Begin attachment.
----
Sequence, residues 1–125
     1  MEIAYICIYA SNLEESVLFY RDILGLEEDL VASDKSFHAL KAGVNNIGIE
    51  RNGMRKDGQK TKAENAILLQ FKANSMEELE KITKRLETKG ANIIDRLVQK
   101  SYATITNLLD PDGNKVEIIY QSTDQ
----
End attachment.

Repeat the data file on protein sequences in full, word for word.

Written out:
Sequence, residues 1–125
     1  MEIAYICIYA SNLEESVLFY RDILGLEEDL VASDKSFHAL KAGVNNIGIE
    51  RNGMRKDGQK TKAENAILLQ FKANSMEELE KITKRLETKG ANIIDRLVQK
   101  SYATITNLLD PDGNKVEIIY QSTDQ